No doubt the edt Iíve got is nothing like the vintage edp. Even so I like this scent very much, and I donít have the heart-break of knowing what it used to smell like. On me itís a very powdery fruit-tinted rose and ylang with softened woods - matt and suede-like in texture. Itís not animalic at all, which for me is a good thing. It has a soft sillage with good longevity and I can imagine wearing it on a long work-day without having to touch up. I donít think it was never meant to be a work-day scent, but thatís the difference between the past and the present.

    08 January, 2013

    Oviatt's avatar
    Oviatt
    United States United States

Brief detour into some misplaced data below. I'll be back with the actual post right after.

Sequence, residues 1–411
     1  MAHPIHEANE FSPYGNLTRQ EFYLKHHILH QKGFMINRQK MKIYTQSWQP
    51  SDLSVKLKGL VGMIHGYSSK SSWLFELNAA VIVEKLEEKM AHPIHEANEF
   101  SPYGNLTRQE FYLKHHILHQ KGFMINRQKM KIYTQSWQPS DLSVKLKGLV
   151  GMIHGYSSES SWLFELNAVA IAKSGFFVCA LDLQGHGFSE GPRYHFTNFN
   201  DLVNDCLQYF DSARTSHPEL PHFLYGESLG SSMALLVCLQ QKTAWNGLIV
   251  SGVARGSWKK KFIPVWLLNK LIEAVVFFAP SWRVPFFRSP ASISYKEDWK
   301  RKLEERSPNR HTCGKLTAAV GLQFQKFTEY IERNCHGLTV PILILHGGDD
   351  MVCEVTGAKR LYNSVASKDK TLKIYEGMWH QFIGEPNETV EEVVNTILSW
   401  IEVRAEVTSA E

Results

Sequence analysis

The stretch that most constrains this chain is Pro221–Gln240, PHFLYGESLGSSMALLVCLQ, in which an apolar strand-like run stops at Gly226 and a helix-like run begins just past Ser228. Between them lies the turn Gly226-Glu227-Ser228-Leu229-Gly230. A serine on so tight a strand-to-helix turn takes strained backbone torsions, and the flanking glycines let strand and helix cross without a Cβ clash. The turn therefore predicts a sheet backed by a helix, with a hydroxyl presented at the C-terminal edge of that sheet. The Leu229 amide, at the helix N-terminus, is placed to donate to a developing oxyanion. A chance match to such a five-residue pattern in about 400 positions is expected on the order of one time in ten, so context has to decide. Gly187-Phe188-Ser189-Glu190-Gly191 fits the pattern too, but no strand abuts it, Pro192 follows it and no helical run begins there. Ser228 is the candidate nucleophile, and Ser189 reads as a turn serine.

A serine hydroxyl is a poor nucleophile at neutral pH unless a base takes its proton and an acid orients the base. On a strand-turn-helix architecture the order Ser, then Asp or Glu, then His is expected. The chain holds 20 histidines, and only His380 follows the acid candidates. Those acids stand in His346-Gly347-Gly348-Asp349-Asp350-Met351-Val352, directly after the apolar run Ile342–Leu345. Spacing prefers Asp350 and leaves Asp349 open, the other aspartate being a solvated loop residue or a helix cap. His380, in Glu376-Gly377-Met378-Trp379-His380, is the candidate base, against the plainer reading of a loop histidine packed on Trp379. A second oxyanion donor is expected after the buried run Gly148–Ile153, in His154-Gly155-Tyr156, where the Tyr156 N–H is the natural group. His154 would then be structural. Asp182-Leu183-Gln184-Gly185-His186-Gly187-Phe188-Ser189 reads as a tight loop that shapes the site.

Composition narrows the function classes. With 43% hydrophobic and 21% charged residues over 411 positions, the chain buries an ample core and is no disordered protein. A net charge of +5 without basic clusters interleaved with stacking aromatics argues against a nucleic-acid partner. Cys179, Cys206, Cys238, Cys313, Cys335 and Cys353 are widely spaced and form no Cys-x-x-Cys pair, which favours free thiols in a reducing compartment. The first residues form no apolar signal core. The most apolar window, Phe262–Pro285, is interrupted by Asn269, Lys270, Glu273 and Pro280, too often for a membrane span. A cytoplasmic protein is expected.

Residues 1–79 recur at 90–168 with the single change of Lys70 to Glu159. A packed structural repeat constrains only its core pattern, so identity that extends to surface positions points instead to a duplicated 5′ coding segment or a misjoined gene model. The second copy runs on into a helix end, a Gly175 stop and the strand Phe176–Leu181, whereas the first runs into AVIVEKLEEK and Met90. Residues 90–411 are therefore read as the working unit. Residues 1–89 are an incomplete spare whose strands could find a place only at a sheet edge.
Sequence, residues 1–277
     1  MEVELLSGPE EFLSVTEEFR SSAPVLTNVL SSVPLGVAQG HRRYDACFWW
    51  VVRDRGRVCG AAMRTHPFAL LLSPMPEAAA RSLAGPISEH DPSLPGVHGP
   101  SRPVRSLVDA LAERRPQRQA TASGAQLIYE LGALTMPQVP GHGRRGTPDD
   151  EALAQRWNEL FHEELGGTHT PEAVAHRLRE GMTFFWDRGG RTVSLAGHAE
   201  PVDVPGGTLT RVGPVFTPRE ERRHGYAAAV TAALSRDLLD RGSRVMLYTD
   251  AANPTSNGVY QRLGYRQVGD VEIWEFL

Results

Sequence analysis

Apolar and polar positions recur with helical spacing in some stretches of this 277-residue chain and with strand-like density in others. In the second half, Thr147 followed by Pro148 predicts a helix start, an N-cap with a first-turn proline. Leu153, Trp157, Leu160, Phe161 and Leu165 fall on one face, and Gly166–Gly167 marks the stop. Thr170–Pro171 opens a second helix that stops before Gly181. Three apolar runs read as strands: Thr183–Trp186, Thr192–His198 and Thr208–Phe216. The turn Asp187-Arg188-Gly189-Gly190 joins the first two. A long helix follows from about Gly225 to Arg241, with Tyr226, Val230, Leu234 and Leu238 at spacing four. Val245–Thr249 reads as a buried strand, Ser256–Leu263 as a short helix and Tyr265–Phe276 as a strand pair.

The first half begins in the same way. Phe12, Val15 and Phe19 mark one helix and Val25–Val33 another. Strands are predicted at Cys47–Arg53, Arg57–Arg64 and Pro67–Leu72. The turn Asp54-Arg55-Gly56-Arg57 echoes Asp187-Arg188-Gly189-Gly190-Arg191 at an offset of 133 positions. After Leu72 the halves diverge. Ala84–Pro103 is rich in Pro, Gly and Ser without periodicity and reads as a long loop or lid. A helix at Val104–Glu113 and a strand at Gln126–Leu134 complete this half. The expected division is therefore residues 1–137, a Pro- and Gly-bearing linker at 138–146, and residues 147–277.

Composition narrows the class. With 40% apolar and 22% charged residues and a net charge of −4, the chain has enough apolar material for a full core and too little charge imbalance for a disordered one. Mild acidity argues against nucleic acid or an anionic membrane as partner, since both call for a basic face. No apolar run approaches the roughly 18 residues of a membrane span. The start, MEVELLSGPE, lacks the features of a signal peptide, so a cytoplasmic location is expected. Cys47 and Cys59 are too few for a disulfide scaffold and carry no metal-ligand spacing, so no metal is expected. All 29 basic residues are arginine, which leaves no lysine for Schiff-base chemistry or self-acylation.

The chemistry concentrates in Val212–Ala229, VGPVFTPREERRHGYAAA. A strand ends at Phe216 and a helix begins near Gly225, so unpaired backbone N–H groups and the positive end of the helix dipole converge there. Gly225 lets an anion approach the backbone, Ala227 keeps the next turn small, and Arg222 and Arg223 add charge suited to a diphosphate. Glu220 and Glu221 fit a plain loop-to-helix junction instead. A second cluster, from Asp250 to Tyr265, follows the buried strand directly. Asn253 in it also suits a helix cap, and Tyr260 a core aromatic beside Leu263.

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    So aptly named, this big, gorgeous rose Chypre is not for shrinking violets--it is for the grand entrance, the big moment or for women for whom every gesture is a grand, dramatic one. While the rose is always front and center, there is an indolic, rich spicy element--even a rank and very feminine musky/civet accord--that makes this a beautifully balanced scent. I cannot help but think of the French film of the same name and its own diva when I think of this scent. This is what clung to her stolen dress in the hands of the besotted delivery boy. Once in college I splashed out on a bottle of Diva parfum as a birthday present for a girl whose mother said that she could ONLY wear this for special occasions--it was far too grand and suggestive for the everyday life of a co-ed. Great stuff, for ladies who can--and want to--pull it off.

    08 November, 2012

    Darvant's avatar
    Darvant
    Italy Italy